'Freedays' are the 'gather our thoughts' days; Q&As; a general page reviewing the week so far…
Yesterday, on assessing shloka four of Saadhana Panchakam, there was a lot about food. Or more particularly, that food ought not to be thought a lot about!
In as succinct and precise a text as the 'forty steps of practice', that is all fine and well. However, as no doubt all who are paying attention will understand, each 'step' (instruction) could itself become a full and encompassing saadhana. How many are yet to take up the daily scriptural reading? Are we all remembering to dedicate our activity to the Higher in an ever more conscious manner?
Would it not have been logical to have included such a staple thing as approach to food in the first shloka?!
No. For the simple reason that it is a staple of life. The Master understood that to ask the likes of us to beg for and live on chapatti and dahl once a day would be so impractical as to lose his audience before ever getting to the urgent stuff. (Though without doubt, chapatti and dahl are amongst the most nourishing and satisfying of foods!) The fourth shloka is addressed to those who have advanced their spiritual skills and Vedantic understanding to encompass the concept of the body merely being a vehicle requiring fuel in order that the आत्मा/aatmaa (soul) can do the work required to reunify with the Whole.
However, one does not have to wait for a convenient time to take up true spiritual calling. Neither does that mean one must retreat to a convent or ashram to live spiritually. Indeed, the best of all spiritual (and indeed philosophical) challenges, is to take up the call whilst still 'living life' and mingling with Maya.
All of the steps in Saadhana Panchakam can be exercised by all who dedicate themselves to the Higher and this does not mean becoming nuns or monks or sadhus, but simply that the priority becomes Other. This does, in fact, mean that we can take a look at our 'fuel consumption', even at the early stages of saadhana. Again, if we look at the purely functional aspects of diet, can it not be agreed that everyone knows that better food choices are more likely to optimise our health? The concept of 'you are what you eat' has been around for centuries and in a number of cultural threads. Food is also one of the unifying factors, culturally and inter-culturally. Very often, if we understand the basis of a particular cuisine, we are more likely to gain an understanding of the general culture and also, perhaps, to the spiritual culture of a people.
Whilst the basis of Sanskrit culture is vegetarianism, it has to be acknowledged that in some areas of the globe, there was, historically, no option to obtain plant foods. The Polar regions are the obvious comparison here. Even in the lower Northern areas, whilst vegetables could be obtained, it can be understood how a culture of flesh-consumption grew up.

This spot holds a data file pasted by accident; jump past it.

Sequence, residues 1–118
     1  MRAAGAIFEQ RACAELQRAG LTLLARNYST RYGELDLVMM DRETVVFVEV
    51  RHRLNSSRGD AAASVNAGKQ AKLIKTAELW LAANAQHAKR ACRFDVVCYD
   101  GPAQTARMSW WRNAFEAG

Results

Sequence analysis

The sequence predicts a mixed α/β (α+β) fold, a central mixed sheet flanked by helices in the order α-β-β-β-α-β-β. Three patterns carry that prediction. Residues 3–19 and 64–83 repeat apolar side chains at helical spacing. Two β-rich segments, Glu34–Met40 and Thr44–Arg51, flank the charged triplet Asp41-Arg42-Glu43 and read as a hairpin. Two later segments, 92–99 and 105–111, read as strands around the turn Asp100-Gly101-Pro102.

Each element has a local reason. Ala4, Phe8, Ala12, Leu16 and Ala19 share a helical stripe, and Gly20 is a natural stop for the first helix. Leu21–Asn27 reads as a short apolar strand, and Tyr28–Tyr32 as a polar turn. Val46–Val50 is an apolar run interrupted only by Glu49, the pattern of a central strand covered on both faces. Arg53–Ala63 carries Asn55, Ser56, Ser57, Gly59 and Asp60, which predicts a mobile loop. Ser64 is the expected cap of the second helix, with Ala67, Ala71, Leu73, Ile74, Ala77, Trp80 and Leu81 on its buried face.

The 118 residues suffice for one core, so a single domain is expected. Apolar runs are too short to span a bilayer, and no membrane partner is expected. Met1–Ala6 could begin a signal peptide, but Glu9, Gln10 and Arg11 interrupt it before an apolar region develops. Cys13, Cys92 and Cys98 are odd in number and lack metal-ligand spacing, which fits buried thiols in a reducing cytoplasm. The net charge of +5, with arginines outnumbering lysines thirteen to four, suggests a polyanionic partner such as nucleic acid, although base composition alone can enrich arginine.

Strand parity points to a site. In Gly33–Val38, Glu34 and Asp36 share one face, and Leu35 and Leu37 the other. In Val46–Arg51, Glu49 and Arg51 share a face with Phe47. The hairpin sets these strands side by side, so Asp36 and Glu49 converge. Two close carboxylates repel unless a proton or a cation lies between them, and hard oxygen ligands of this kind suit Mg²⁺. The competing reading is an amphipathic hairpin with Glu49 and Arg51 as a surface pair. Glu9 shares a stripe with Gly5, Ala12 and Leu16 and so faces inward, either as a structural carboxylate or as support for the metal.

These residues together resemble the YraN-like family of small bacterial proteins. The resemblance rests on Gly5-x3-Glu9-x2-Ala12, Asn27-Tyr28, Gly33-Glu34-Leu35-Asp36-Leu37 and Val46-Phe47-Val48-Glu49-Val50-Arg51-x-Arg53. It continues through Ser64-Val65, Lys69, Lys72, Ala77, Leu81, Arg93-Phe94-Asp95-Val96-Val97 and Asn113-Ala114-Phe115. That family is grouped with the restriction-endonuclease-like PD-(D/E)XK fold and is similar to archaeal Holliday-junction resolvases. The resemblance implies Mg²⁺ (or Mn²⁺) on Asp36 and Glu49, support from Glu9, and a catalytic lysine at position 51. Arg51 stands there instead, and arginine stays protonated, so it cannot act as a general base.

In this modern age, however, with the wonder of science and transportation, plant foods have become available to all. The difference now is making a choice. As intellectual, spiritual beings we can become intelligent about our fuel consumption.
This applies also to the 'food' of other senses. All spiritual philosophies dictate at the very least, moderation in all things. Similarly, abstinence from the consumption of items which are known to alter our perception on life or to pose a severe risk to health of self or others is a common factor in various philosophies. This is not a revelationary (neither revolutionary!) idea. Nor is the idea that food is a highly emotive constant in life. Whole societies have been controlled when their food supplies have been controlled. Think sieges, think famines, think glut…
Glut? Yes. "Western" society is led around by its nose - or should that be stomach?! Fast foods have become a scourge, prepackaged supermarket meals will proclaim their benefits but none of their pitfalls.
We will discuss more on food, particularly when it comes to the Vedantic concepts of the three qualities, but for the time being consider whether you may be able (if not already) to undertake vegetarianism. Ponder the possibility of at least taking up, say, three days a week, of eating without meat. Think about whether you could make one day a fortnight a day of fasting. Note within yourself as you look at these things, of the excuses which arise within; the justifications which we are so adept at manufacturing for ourselves and the hurdles we can find to block our change.
If there is one thing guaranteed to trip up anyone seeking to make spiritual change in life, it will be this!